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    Apr 14, 2019

    (Dis)Obedience

    (Dis)Obedience

    Passage: Nehemiah 8:13-17

    Speaker: Vivian McCarthy

    Series: Renovation

    Jesus never forgot to be obedient. He walked obediently all the way to the cross. ~Pastor Vivian

    During this season of Lent, we have been immersed in Nehemiah’s story of renovation – the renovation of the wall of Jerusalem that ultimately led to the people being brought home, and as we found last week, Nehemiah’s renovation made it possible for the renovation of the people so that they returned all the way back home to the heart of God.

    The story began with Nehemiah hearing a terrible word from home. The city was in shambles and the people were shamed. It was the time of the Babylonian exile, the darkest period in the life of Israel, second only, perhaps, to slavery in Egypt.

    The story told of how, when he heard that terrible news, Nehemiah had a breakdown, crying for days and days.

    Interestingly, the story only hinted at how they got there in the first place. Oh – they  knew!  - kind of like when you ask the dog “did you do this?” and the your beloved pet either slinks away or just won’t look at you.  You know what I mean!

    The people knew.  They knew they had been disobedient. The people had lost sight of their relationship with God, and they simply wandered away.  They  wandered away from God, ignoring God’s law, completely forgetting what Moses had instructed them just before they entered the Promised Land. They even forgot the heart of their faith – the Shema – the instruction from God through Moses that was supposed to be a constant reminder to them: 

    Hear, O Israel: The Lord is our God, the Lord alone. You shall love the Lord your God with all your heart, and with all your soul, and with all your might. Keep these words that I am commanding you today in your heart. Recite them to your children and talk about them when you are at home and when you are away, when you lie down and when you rise.

    They forgot to put God first.

    Humans being what we are, that wasn’t the first time and it certainly wasn’t the last time that we forgot how to live God’s way.

    When they got back home – when their spiritual house was new once again, the Jews did something that seems a little crazy. After they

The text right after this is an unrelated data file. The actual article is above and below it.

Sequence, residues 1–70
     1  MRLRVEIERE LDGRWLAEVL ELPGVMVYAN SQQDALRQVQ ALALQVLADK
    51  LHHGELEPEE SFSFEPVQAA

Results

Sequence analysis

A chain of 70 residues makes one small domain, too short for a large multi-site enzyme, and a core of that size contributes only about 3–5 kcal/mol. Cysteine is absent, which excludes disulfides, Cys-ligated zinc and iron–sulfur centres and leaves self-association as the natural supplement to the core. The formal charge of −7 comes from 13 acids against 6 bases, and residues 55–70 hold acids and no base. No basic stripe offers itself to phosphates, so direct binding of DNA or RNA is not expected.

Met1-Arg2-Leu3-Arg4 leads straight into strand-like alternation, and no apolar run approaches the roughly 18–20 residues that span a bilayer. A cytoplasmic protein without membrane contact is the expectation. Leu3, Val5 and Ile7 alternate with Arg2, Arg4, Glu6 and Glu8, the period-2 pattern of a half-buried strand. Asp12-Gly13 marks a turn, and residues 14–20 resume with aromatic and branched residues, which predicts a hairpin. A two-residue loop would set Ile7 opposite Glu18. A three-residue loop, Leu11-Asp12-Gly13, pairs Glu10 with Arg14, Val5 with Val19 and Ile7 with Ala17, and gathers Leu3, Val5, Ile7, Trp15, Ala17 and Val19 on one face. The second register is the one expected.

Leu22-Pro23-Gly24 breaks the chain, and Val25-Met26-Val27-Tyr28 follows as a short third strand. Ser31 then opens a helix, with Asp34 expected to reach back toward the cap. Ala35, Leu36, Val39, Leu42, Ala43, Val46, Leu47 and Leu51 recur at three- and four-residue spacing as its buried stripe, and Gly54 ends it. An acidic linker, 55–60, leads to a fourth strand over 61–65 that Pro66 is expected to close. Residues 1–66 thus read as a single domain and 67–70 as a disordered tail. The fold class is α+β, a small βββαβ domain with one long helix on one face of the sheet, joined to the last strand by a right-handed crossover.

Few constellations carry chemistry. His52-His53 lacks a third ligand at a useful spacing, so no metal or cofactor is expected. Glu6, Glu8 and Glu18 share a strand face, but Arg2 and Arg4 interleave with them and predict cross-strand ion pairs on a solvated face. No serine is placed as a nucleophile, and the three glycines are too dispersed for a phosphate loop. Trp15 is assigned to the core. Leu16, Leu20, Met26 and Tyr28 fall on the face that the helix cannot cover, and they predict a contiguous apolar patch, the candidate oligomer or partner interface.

• built new houses both spiritual and physical,
    • after they begged Ezra the priest to read God’s instructions that Moses had shared before they entered the Promised Land,
    • after they wept as they knew how much time they had wasted in their life with God,
    • after Ezra told them that the joy of the Lord was their strength and to stand up and celebrate

    do you know what they did?  They built tents – more like little huts, really – and moved into those little huts for a whole week. You see, they had also forgotten the festival from so long ago – the festival that reenacted their flight from Egypt to the Promised Land – the very festival that was intended to remind them that God saved them from the Pharoah.  So, when they heard the old, old story they were filled with resolve to do whatever it took to be obedient, and they built those silly tents and lived in them. They were intent on being obedient.

    There was one who never lost sight of what it meant to be obedient to God. He walked in obedience all the way to the cross.

    This is Palm Sunday, the beginning of Jesus’ walk to the cross. He will walk into the temple, frustrated at the lack of respect shown for the earthly temple, angered by the actions of those who would turn sacred rituals into mercenary gain. He will walk to an upper room to model servanthood and to share a holy meal with those closest to him. He will walk to the garden, to pray and to weep. He will experience betrayal – not once but several times. And he will walk the hill of Calvary.

    As we bring to a close our reflections on renovating our spiritual houses so they are a fit dwelling for the Spirit of the Creator and the Savior, let’s spend the next few moments in prayer, asking that God strengthen our resolve to be obedient –

    • to put God first
    • to read and meditate on the scriptures – first
    • to worship regularly – first
    • to walk the way that Jesus walked.

    It’s easy to forget. It’s easy to get pulled away. Today I’m here to remind us all of what it feels like to be fresh and new. To feel the joy of God’s grace and love – to feel the satisfaction that obedience brings – the exuberance of the joy of the Lord. To feel the difference it makes when your spiritual renovation returns you to the heart of God. No matter how many times we forget, renovation is always possible.